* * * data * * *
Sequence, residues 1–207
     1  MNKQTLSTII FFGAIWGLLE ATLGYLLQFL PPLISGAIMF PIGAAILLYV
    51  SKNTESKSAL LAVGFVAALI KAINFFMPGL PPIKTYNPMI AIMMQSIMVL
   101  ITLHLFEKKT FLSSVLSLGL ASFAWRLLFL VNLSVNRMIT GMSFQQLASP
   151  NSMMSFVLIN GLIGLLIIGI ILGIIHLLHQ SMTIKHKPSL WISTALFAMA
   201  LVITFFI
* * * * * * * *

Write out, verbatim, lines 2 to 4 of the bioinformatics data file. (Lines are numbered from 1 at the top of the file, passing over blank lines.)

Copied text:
     1  MNKQTLSTII FFGAIWGLLE ATLGYLLQFL PPLISGAIMF PIGAAILLYV
    51  SKNTESKSAL LAVGFVAALI KAINFFMPGL PPIKTYNPMI AIMMQSIMVL
   101  ITLHLFEKKT FLSSVLSLGL ASFAWRLLFL VNLSVNRMIT GMSFQQLASP